In response to your points, Kristin (as well as Ashley’s point in the comment below this), I don’t know necessarily that the “tides are turning.” I think my enthusiasm for the study and discussion of ethics is a bit of an anomaly, and is, in part, grounded in my background in philosophy and religious studies. An interesting point I remember discussing before is that ethics are often unpopular because of people’s self-evaluation bias. Very few people think learning about ethics is important to their personal or professional lives because they “aren’t going to become unethical.” After all, our image of an “unethical” person is closer to a sleazy lawyer or used-car salesman than to anything that resembles our own personalities. Also, ethics education is often avoided, I think, because of how uncomfortable thinking through such situations can make people. This last point brings me back to one of the reasons I think a “code of ethics” can hurt a profession – because truly tricky ethical decisions can bring up all sorts of uncomfortable feelings and cognitive dissonance, people often just fall back on “well, I’m following the code” rather than making an effective ethical decision as an individual. Again, I’m not saying we shouldn’t have a code of ethics, just that we need to think about what it means for the ethical education of members of our profession.

  2. Ashley Clark says:

    I agree that it is a little difficult to discuss ethics in one class session, or even part of a class session, but I also agree with Kristin, I know I wouldn’t give up practical classes for a class that discusses only ethics simply because we don’t have enough time at SI to take all the classes that look interesting. I know that this week really made me think about how I feel about the code of ethics but honestly I haven’t really run into the code in any of my jobs, it simply isn’t discussed or brought up that often. I wonder why they don’t make us read the code of ethics in our trainings.

    • rclement643 says:

      Ashley – (first, see my reply to Kristin’s post above for some other points) – you say that you wouldn’t give up “practical classes for a class that discusses only ethics.” What about a class on “practical ethics”? Peter Singer’s classic book is titled just that! (http://www.amazon.com/Practical-Ethics-Peter-Singer/dp/052143971X)

      While I don’t agree with all of Singer’s viewpoints, and haven’t read the book cover-to-cover, it is a very readable, and well-argued work on ethics in everyday life. I think one of the reasons ethics is often thought of in opposition to “practical skills” or classes is that, as I was saying above, people often don’t think they have problems with making ethical decisions. For instance, I *know* that I don’t how to use Perl for data manipulation, so of course I’d like to take a class on this. But I’m not an unethical sleazeball, so why would I need to take a class on ethics? I know what’s right and wrong, right? The problem, as I see it, is that I can teach myself practical skills, such as programming languages or how to make a screencast, with only limited input from others to help correct me when I get off the path. However, I think the *only* good way to learn about ethics, and ethical frameworks, and making ethical decisions, is to discuss the issues with others.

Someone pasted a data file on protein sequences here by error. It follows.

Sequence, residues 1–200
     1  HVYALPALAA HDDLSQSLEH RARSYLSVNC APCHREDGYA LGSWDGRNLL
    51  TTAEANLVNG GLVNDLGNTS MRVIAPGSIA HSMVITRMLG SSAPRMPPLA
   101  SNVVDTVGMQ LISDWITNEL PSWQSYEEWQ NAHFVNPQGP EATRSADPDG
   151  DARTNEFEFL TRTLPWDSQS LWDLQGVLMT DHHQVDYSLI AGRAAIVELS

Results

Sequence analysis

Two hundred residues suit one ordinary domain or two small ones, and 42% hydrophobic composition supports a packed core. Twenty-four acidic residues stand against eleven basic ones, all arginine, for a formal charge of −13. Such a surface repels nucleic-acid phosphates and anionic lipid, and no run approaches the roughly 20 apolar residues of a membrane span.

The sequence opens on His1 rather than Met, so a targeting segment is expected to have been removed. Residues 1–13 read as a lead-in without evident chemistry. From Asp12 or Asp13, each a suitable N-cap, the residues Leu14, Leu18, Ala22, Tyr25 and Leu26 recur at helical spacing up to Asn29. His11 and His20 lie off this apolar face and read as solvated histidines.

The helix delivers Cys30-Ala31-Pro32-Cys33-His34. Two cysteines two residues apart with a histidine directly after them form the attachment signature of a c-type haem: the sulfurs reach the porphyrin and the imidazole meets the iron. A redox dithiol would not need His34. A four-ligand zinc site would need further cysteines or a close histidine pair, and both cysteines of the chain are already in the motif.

3. Kelly says:

    “Clearly there is a hunger for the kind of ethical discussions that we are missing in some of our classes and jobs – it seems to me to be an ethical issue, how we are going to handle this.”

    Totally agree. I’ve been really energized by the discussions these past few weeks surrounding ethical considerations, though I love talking about this stuff anyway! And even beyond talking about ethics, the benefit for me is just a mental exercise in constantly reviewing and adapting my ideas and values about our work as professionals, and how it informs my personal behavior, as well. The Buddhist concept applicable here is that of Right Livelihood, and it’s one I think about a lot — because the tricky part is to find the “right” (read: humane, ethical) action in difficult and complex circumstances.

    I’ve enjoyed your thoughtful posts on this topic!

    • ryabbc says:

      Kelly, I had copied the *exact* same passage to respond to… only to scroll down and see that sentence struck a chord with you as well!

      I think that the listserv discussions that Ryan highlights certainly point to an overall interest to discuss ethics (esp. when riffing off practical examples). Whether it’s a “homeless hotspot” or an app that might be racist, these topics get people talking, even if a class entitled “ethics” might strike some people as a snooze.

      Although reading about ethics in the abstract can leave me feeling kind of unsure and a little frustrated, I think talking about specific ethical concerns in classes and small groups, and just watching discussions unfold over email is really interesting and helpful for me.

      Ryan, you mention that we think of a sleazy used car salesman as the example of someone who isn’t ethical — and since we don’t often (like to?) see ourselves that way, it’s easy to shrug and say — well, that’s not me, I don’t need to talk about this. But if we look at Milgram or the Stanford Prison Experiment (yes, I know these are a bit dramatic, but I’m trying to use them to make a larger point), then we see that even people who perceive themselves as “good” can certainly be influenced into not-so-great behavior.